I am therefore dusting off and slightly editing this old post from July of 2012, in which I talk about one of my favourite O. Douglas novels, The Proper Place.

This is my favourite of Anna Buchan’s  books which I’ve read to date. The first time I read this, I had already read the sequel, The Day of Small Things, so I knew what had happened to a great extent before the characters did, if that makes sense. But I think it enhanced rather than detracted from my reading experience, for I came to the story with a pre-existing knowledge of and fondness for the characters and greatly enjoyed expanding my acquaintance with them.

As the story opens, the sole surviving offspring of the aristocratic Scottish Rutherfurd family, Nicole, is showing the family home to a prospective buyer. Of its twenty bedrooms, “twelve quite large, and eight small”, only three are now occupied, for with Nicole’s two brothers perished in the Great War and her father dead soon after, the family now consists only of Nicole, her mother, Lady Jane, and a orphaned cousin, Barbara Burt, who was raised by Lady Jane from childhood.

The three women are finding it impossible to carry on financially, and have reluctantly but sensibly decided that their only option is to sell the Rutherfurd estate and establish themselves in more modest accommodations. Lady Jane has retreated into a gently passive acceptance of her fate, Barbara is resentful but more or less compliant, and Nicole is very much making the best of things and looking hard for a silver lining in their cloud of sorrow and difficult circumstances.

The prospective buyers, Mr. and Mrs. Jackson of Glasgow, having attained great wealth after many years of striving, are ready for the next step in their social advancement, and hope with their purchase of Rutherfurd Hall to establish their son Andy as a “county” gentleman.

This is where the story departs a bit from the expected norm. One would expect the nouveau riche Jacksons to be portrayed as interlopers and figures of mild scorn, but instead we find that the author takes us into their world for a bit and gives an insight into their motivations and intentions that puts us fully on their side. Nicole herself, after her initial, well-hidden resentment, finds herself viewing out-spoken Mrs. Jackson first with quiet humour and soon after with sincere affection, with interesting repercussions further along in the story.

The Rutherfurds find a new home in the seaside town of Kirmeikle, and rent the old and stately but much more reasonably sized Harbour House for a year to see if they will adapt to the life of the town dweller, and to give themselves a bit of breathing space to ponder their futures. They are still very well-off, with sizeable incomes coming from their investments, and they enter easily into the upper strata of Kirkmeikle society.

For a story in which not much really happens, the author packs it full of likeable, amusing characters, and quietly intriguing situations. Though the tone is continually optimistic, somehow this tale escapes being “too sweet” by the pervasive presence of loss, grief and hardship resulting from the war, and by the occasionally pithy observations of some of the more astringent characters.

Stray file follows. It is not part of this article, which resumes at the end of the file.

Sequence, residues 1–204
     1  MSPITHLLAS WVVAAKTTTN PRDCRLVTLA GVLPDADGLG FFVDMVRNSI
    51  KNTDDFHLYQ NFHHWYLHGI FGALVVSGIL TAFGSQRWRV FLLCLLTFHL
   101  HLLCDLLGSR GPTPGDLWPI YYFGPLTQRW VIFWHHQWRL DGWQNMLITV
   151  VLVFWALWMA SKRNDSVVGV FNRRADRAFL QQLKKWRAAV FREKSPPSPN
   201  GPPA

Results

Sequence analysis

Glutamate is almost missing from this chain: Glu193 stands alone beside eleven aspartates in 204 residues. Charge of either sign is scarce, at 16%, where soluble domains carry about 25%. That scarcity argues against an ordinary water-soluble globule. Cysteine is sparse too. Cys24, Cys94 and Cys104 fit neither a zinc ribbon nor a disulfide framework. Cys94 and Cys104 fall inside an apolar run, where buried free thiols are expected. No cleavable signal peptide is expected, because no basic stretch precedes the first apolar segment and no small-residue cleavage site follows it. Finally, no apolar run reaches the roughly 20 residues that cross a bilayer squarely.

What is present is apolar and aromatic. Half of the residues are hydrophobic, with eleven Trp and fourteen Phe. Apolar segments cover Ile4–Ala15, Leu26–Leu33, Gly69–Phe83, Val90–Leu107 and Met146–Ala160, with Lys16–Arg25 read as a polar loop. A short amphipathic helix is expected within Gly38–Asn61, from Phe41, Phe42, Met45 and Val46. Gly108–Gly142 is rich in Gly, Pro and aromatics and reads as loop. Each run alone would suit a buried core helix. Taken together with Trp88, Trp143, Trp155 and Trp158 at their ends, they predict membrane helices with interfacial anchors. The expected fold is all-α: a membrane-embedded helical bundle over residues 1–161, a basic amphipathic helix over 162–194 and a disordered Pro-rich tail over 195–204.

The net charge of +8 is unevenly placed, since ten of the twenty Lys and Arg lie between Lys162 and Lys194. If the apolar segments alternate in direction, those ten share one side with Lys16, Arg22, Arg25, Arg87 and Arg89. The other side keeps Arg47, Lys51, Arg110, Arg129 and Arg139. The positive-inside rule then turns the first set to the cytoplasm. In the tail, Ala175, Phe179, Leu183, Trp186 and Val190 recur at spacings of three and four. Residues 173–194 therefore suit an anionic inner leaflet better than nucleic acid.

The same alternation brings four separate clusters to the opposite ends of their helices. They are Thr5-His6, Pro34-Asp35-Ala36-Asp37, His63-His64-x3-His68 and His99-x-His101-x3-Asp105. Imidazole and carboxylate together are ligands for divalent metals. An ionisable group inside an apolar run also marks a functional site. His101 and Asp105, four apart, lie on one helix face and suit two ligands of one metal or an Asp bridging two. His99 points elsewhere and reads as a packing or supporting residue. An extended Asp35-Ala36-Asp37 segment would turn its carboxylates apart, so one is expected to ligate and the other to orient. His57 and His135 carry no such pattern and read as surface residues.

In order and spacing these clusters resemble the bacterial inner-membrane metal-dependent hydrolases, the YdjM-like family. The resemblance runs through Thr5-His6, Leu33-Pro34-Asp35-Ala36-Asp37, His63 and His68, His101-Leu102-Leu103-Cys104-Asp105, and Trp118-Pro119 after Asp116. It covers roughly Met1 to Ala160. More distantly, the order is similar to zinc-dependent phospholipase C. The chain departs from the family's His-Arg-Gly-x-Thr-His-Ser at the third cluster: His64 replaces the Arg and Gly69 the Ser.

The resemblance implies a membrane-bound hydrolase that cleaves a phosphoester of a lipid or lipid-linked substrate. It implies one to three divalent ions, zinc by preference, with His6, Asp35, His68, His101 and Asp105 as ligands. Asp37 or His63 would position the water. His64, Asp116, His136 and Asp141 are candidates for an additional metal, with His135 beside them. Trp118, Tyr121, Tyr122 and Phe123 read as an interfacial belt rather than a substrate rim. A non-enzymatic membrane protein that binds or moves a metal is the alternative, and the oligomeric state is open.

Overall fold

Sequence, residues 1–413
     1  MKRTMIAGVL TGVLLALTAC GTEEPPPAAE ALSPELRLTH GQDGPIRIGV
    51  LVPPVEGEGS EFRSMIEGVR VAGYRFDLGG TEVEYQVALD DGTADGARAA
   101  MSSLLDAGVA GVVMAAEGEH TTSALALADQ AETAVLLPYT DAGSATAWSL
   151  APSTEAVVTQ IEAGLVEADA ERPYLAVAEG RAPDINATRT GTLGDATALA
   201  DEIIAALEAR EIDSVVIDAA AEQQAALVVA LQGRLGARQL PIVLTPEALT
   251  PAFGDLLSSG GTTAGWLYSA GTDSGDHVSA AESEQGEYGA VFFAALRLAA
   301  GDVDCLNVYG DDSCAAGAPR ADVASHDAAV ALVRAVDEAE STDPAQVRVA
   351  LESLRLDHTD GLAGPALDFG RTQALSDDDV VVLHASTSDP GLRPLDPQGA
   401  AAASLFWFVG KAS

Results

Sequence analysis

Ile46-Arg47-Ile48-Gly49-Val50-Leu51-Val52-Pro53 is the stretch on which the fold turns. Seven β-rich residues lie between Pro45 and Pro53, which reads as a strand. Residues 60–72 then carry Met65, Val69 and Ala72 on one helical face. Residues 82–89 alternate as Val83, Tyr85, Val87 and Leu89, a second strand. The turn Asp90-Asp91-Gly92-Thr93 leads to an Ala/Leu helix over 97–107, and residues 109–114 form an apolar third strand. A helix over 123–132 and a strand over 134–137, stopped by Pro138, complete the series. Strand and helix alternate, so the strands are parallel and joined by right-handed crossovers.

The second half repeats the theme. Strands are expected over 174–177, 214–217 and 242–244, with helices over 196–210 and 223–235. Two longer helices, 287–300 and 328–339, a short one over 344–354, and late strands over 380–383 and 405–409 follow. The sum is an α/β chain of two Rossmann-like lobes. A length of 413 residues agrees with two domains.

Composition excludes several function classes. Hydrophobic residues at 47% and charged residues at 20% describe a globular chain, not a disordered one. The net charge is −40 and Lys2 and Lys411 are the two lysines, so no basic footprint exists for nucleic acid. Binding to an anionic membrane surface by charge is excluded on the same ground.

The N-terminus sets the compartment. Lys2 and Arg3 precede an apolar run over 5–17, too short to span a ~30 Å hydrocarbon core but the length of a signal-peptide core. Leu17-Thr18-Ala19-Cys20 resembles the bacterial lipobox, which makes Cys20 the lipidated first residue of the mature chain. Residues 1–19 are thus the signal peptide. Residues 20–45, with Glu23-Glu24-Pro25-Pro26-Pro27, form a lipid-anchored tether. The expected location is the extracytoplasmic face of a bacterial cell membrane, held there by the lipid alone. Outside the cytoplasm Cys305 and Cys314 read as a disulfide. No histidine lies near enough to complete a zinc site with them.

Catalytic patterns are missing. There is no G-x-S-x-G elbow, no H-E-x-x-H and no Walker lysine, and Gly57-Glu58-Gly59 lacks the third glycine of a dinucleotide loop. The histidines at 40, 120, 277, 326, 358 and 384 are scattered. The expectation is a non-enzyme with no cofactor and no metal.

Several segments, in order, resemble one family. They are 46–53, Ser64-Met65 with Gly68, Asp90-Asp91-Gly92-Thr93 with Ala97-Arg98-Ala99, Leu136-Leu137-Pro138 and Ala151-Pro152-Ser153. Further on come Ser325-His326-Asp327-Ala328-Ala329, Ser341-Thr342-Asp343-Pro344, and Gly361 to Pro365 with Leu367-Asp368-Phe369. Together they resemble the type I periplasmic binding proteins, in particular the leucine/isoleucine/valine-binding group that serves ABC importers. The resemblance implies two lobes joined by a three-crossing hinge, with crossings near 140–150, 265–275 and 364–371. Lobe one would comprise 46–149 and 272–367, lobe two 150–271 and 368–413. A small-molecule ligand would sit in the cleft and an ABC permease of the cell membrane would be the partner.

Nicole and Lady Jane are most obviously our heroines throughout, while Barbara plays a slightly secondary role. She is perhaps the least likeable character due to her deep-seated snobbishness and condescending attitude, but we get to know her well enough to understand the basis of her sometimes negative outlook. O. Douglas is a very fair-minded author, and she generally allows her characters the grace of a deep enough glimpse into their lives and thoughts to allow us to place their words and actions in full context, which was something I fully appreciated in this story.

A gentle, genuinely moving, small-in-scope novel with a stalwart strength to it; a very Scottish sort of vintage story, in the best possible sense.

A more detailed, equally favourable review is here, from the I Prefer Reading  blog of Lyn, from Melbourne, Australia.

http://preferreading.blogspot.ca/2010/09/proper-place-o-douglas.html

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These three books were not as diverting as I’d wished them to be.

Perhaps in another mood at another time I would give them better reviews – and I do intend to give Priestley’s Adam in Moonshine a second trial at some point – but today I’m calling them as I see them.

It won’t be a brutal massacre, I hasten to say, as all three had various degrees of enjoyability, but neither do I plan to hide my disappointment in their failings to entirely amuse.

As always, one person’s opinion – please don’t take it to heart if you love these novels, and do try to convince me otherwise if you think I’ve missed the point. One of my favourite things is when someone says, “Hey, wait a minute…” and eloquently defends something I’ve scorned, inspiring a second look from a new perspective.

Here we go.

adam in moonshine j b priestleyAdam in Moonshine by J.B. Priestley ~ 1927. This edition: Heinemann, 1931. Hardcover. 293 pages.

My rating: 6/10

That “6” is a very generous rating, given mostly because of Adam in Moonshine’s “first novel” status by a writer I mostly admire, and the more than decent quality of the writing.

The plot, on the other hand, might be described as virtually non-existent. Interesting reading for a Priestley collector, but if the author was someone unknown to me I’m thinking this one would be in the box by the door, waiting to be passed along.